Offshore Energies Magazine - Winter 2022/23
OPITO's passport to switchable employment
Industry meets key milestone in the creation of the North Sea all-energy workforce
S cotland’s offshore energy industry has hailed the impressive progress made towards delivering the innovative skills ‘passport’ that will transform workforce mobility across all sectors. The ambition for a net-zero offshore energy industry is accelerating at pace, and a key factor to enable a just and managed transition is securing a skilled, diverse and agile workforce. Putting its people front and centre to achieve this goal, Scotland’s offshore energy industry is working towards delivering an innovative skills passport that will transform workforce mobility across all sectors. The industry steering group driving the ambitious industry-wide collaboration is well on track to meet its milestones. Led by OPITO, the Aberdeen-based global skills organisation for the energy industry, it is confident that the full skills passport solution will be ready for deployment across the entire offshore energy workforce in the third quarter of 2023. That positive forecast reflects the successful achievement of the objectives of the first action plan to emerge from the Integrated People and Skills Strategy (PSS), launched in May to support the North Sea Transition Deal. The purpose of the plan, Aligning Offshore Energy Standards, is the mapping and recognition of training and standards right across the offshore energy sector, identifying gaps and removing duplication. A first tranche of mapping and alignment has now been completed, accounting for about 70% of core roles which support an offshore installation; a second tranche of role mapping is in progress. Growth = more offshore jobs The overall offshore energy workforce is set to grow significantly in the coming years with more than 211,000 jobs across the offshore energy industry expected by 2030. This creates huge opportunities for people and communities across the country.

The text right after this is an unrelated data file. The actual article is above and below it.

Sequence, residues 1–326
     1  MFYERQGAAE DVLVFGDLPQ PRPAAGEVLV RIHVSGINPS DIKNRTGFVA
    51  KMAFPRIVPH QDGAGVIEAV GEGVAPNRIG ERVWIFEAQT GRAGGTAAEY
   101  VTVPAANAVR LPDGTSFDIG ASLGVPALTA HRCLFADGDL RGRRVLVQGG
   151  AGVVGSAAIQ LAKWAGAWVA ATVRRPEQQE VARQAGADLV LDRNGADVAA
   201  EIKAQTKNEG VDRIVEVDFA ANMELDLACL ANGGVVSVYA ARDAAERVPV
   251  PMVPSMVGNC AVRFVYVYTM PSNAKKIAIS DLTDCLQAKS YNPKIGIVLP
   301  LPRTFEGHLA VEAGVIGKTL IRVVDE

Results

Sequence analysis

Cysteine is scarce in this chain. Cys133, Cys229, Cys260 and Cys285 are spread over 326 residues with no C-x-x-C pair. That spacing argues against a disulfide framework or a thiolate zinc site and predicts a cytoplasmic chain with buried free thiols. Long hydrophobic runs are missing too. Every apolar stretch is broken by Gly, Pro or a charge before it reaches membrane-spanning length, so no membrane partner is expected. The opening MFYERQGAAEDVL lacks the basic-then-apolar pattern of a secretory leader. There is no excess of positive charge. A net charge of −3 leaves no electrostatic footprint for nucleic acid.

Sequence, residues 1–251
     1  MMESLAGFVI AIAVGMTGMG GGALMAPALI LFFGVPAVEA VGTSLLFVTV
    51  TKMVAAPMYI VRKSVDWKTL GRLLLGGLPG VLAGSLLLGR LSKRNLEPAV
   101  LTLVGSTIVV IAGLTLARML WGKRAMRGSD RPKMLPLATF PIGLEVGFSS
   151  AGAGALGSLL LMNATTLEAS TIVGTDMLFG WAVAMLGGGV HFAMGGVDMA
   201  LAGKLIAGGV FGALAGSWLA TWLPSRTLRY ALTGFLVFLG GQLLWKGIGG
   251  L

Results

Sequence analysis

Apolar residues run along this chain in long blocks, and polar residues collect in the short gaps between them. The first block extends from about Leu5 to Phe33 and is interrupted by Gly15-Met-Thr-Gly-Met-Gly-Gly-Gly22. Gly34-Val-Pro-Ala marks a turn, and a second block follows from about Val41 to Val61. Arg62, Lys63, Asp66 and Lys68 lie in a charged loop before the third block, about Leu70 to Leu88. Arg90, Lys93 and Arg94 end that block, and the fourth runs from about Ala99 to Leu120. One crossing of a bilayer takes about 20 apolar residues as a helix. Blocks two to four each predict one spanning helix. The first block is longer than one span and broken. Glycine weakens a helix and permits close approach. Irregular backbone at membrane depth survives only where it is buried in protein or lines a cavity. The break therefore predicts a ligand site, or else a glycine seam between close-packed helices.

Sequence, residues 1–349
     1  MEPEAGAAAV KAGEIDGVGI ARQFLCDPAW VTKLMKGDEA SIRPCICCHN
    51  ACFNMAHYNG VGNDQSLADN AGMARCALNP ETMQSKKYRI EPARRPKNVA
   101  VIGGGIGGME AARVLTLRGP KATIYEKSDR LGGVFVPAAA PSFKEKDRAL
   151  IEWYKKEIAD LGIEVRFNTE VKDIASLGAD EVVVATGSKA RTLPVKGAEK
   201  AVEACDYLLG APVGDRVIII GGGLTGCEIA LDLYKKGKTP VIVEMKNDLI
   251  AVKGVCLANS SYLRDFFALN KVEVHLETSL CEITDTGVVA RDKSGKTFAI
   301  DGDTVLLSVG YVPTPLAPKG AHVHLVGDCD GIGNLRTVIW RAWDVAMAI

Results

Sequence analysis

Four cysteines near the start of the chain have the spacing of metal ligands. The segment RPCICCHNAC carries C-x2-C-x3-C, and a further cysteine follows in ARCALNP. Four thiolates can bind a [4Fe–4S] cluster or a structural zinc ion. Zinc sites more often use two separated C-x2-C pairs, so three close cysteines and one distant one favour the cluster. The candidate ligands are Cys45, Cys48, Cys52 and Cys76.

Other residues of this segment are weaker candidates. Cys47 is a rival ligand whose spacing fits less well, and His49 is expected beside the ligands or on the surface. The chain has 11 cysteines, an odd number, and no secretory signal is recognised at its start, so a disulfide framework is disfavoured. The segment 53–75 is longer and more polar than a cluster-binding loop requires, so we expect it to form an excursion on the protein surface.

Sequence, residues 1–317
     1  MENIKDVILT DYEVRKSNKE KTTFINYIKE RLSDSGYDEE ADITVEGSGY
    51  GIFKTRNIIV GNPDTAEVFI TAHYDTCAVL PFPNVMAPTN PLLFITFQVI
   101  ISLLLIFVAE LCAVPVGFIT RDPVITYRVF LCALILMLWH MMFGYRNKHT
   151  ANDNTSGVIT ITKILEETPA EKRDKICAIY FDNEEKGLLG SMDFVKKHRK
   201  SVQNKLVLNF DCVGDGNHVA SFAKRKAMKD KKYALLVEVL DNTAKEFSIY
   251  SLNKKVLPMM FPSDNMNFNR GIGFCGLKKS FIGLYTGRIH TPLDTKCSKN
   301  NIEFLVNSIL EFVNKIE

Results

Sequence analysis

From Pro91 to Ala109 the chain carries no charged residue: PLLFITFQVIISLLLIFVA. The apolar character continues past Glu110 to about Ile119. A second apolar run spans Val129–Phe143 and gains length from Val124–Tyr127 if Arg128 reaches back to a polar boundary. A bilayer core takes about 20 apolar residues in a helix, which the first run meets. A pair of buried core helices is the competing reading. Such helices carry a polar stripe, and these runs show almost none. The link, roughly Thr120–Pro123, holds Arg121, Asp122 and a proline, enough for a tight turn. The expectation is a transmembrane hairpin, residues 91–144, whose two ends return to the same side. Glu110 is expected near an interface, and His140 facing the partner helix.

The good news is that the opportunity to create jobs and new skills in the rapidly changing North Sea is significant and there is a high degree of skills transferability between the oil and gas sector and other emerging offshore energy sectors. The proof-of-concept for the skills passport is on target for delivery by the end of this year. This follows the securing of almost £5mn in development funding from the Scottish government's Just Transition Fund, on top of the initial £2mn investment commitment made by the industry itself via OPITO. Thepassport is a digital solution thatwill streamline the transfer of skills and address the lack of recognition of cross-sector skills. It focuses on technical qualifications and training; safety and survival training; and specialist emergency response training to support the transition of the workforce between sectors. “The overall offshore energy workforce is set to grow significantly in the coming years with more than 211,000 jobs across the offshore energy industry expected by 2030.”
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